Hot pursuit (also known as fresh or immediate pursuit) refers to the urgent and direct pursuit of a criminal suspect by law enforcement officers, or by belligerents under international rules of engagement for military forces. Such a situation grants the officers in command powers they otherwise would not have.
English common law
Hot pursuit has long formed a part of English common law. The principle can be traced back to the doctrine of distress damage feasant, which allowed a property owner to detain animals trespassing on his land to ensure that he was compensated for the damage they had caused. In particular, a case in 1293 held that a property owner could also chase after trespassing animals leaving his land and catch them if he could. Later cases extended this idea to allow a property owner to distrain the goods of a tenant behind on his rent outside his property (in Kirkman v. Lelly in 1314) and peace officers to make arrests outside their jurisdiction.:84–86
In 1939, Glanville Williams described hot pursuit as a legal fiction that treated an arrest as made at the moment when the chase began rather than when it ended, since a criminal should not be able to benefit from an attempt to escape.:84
United States law
Under United States law, hot pursuit is an exigent circumstance that allows police to arrest a criminal suspect on private property without a warrant, which would generally be a violation of the Fourth Amendment prohibition on unreasonable searches, seizures, and arrests. The Supreme Court first articulated this principle in Warden v. Hayden in 1967.
The Supreme Court of Canada held in R. v. Macooh in 1993 that the right of a police officer in hot pursuit to make an arrest on private property, which it described as "well settled at common law", extended to summary offences as well as indictable offenses.
The international law principle of hot pursuit is analogous to the common law principle, but was probably conceived independently.:92 It began to coalesce into a general custom of international relations during the early years of the 20th century, although the general principle had been advanced before in national legislation such as the British Hovering Acts. The participating states at the League of Nations Codification Conference of 1930 broadly agreed on the validity of the right of hot pursuit, but the proposed convention on territorial waters in which it was included was never ratified. It was finally codified as Article 23 of the Geneva Convention on the High Seas in 1958.:39–40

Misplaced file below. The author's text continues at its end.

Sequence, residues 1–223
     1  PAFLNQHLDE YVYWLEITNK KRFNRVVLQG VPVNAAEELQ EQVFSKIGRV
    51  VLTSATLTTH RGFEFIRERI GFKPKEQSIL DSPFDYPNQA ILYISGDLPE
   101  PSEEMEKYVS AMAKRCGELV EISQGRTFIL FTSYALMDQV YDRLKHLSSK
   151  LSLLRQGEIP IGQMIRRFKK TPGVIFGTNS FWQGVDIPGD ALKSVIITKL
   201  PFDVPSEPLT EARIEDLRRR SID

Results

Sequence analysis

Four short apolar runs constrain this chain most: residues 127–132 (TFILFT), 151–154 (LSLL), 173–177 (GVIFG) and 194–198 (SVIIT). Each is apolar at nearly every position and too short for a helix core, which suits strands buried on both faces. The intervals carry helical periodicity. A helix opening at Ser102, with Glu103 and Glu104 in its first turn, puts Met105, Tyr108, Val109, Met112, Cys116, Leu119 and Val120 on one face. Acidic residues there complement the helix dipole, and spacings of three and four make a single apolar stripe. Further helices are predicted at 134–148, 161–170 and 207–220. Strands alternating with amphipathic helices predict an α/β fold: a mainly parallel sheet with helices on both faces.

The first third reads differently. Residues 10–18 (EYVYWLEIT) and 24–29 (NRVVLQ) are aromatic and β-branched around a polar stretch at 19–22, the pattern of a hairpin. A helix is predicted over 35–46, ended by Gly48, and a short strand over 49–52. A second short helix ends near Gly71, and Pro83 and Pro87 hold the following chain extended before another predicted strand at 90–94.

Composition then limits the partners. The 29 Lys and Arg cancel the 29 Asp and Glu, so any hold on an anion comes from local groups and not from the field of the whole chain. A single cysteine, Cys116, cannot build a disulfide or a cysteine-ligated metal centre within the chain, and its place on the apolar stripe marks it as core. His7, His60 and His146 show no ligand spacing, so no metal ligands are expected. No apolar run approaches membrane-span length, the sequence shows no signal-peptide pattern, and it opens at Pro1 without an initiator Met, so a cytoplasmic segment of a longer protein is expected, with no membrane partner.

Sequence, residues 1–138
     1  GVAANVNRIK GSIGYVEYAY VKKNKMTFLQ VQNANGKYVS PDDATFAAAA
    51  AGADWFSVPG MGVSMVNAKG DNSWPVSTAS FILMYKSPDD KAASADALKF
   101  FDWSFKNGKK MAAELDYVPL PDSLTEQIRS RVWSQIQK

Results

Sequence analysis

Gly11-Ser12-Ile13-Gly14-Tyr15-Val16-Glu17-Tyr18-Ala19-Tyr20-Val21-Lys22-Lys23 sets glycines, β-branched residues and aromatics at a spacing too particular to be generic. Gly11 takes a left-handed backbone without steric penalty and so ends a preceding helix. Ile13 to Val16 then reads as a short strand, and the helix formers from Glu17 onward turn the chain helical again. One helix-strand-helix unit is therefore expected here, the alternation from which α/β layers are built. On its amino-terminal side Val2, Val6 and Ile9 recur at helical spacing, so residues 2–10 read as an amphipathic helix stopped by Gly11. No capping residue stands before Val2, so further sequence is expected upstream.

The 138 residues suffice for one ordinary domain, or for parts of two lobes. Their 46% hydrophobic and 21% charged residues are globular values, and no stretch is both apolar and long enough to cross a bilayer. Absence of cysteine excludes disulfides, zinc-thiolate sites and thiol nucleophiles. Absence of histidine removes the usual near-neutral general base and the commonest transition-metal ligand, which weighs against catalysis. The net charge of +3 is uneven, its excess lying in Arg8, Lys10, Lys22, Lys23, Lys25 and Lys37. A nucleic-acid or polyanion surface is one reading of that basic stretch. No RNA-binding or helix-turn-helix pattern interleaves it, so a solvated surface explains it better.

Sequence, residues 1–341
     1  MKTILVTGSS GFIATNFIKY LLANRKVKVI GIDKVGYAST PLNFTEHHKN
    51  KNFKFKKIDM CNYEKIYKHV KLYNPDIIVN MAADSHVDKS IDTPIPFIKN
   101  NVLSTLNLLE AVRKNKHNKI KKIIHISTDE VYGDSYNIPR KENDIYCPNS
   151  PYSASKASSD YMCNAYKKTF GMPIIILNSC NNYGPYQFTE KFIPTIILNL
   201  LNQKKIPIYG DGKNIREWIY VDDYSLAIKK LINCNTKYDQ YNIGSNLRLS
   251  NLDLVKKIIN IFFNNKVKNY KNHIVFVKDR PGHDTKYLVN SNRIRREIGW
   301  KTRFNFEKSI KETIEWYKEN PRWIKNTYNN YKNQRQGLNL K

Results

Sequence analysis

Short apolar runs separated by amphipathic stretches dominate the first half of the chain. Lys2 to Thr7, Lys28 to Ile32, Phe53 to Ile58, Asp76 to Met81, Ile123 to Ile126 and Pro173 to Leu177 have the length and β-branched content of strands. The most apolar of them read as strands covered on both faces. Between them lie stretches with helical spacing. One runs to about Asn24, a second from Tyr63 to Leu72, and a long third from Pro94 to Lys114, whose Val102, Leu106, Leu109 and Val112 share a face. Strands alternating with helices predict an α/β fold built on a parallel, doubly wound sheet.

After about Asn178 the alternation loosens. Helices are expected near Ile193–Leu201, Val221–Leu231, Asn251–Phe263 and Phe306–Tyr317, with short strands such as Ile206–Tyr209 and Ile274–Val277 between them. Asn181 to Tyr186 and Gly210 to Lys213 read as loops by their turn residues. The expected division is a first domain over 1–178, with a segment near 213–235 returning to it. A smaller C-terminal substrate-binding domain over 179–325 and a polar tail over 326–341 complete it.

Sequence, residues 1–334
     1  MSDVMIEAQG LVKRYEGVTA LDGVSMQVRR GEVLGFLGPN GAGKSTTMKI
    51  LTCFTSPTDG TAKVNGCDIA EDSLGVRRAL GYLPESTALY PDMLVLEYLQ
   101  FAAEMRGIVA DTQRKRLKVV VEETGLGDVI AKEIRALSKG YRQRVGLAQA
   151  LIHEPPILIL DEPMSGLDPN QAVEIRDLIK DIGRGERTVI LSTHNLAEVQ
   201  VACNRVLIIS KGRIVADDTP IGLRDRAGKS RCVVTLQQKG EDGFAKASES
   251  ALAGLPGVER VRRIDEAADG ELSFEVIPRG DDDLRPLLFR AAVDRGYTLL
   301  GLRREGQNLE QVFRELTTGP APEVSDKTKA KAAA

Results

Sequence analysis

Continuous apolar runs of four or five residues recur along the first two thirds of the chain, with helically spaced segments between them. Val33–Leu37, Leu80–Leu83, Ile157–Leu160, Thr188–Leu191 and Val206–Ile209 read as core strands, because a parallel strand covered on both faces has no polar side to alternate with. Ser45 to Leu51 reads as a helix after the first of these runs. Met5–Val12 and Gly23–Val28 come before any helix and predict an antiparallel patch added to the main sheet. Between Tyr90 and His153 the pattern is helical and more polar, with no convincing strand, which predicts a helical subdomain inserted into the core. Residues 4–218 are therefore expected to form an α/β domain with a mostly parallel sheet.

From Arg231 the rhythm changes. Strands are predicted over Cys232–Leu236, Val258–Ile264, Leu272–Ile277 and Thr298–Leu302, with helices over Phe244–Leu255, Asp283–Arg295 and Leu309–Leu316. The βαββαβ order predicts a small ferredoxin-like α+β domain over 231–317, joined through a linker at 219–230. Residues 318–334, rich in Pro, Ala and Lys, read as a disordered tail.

The Geneva Convention on the High Seas was eventually folded into the United Nations Convention on the Law of the Sea. Article 111 of the latter treaty grants a coastal state the right to pursue and arrest ships escaping to international waters, as long as:
- The pursuers are competent authorities of the state;
- They have good reason to believe that the pursued ship has violated the state's laws or regulations;
- The pursuit begins while the pursuing ship is in the State's internal waters or territorial waters; and
- The pursuit is continuous.
If the foreign ship is within a contiguous zone, the Exclusive Economic Zone (EEZ), the Continental Shelf, the Safety Zones in the EEZ or the Continental Shelf, then the pursuit may only be undertaken if there has been a violation of the rules and regulations (customs, fiscal, immigration or sanitary laws and regulations of the coastal state) as applicable in the respective regimes (areas, zones).
The right of hot pursuit ceases as soon as the ship pursued enters the territorial sea of a foreign state.
Where a coastal state, stopping or arresting a foreign ship outside the territorial sea on the basis of its right of hot pursuit, fails to justify the exercise, it shall be liable to compensate the ship for any loss or damage caused to it due to the exercise of this right.
In addition, some have proposed translating the maritime right of hot pursuit into a comparable right to pursue criminals over land borders. Although it does not form a settled tenet of international law, the principle has been invoked by the United States regarding Taliban militants crossing into Pakistan, by Turkey regarding its attacks on Kurdistan Workers Party bases in northern Iraq, and by Colombia regarding its raid on a Revolutionary Armed Forces of Colombia camp in Ecuador, which led to the 2008 Andean diplomatic crisis.
For borders between the countries of the Schengen Area, hot pursuit over the borders is allowed. This is described by the Schengen Agreement, although exact details on distance from the border etc. are described by bilateral agreements.
- Glanville L. Williams (1939). "The juridical basis of hot pursuit". British Year Book of International Law. 20: 83–97.
- "Hot Pursuit", West's Encyclopedia of American Law
- R. v. Macooh 1993 CanLII 107 (26 February 1993), Supreme Court (Canada)
- Nicholas M. Poulantzas (2002), The Right of Hot Pursuit in International Law, Brill–Martinus Nijhoff
- Craig H. Allen (1989), "Doctrine of hot pursuit: A functional interpretation adaptable to emerging maritime law enforcement technologies and practices" (PDF), Ocean Development and International Law, 20 (4): 309–341
- Lionel Beehner (Winter 2011). "Can nations 'pursue' non-state actors across borders?" (PDF). Yale Journal of International Affairs: 110–112.
- "The Doctrine of "Hot Pursuit": A New Application", C. K. U., Michigan Law Review, Vol. 26, No. 5 (Mar., 1928), pp. 551–555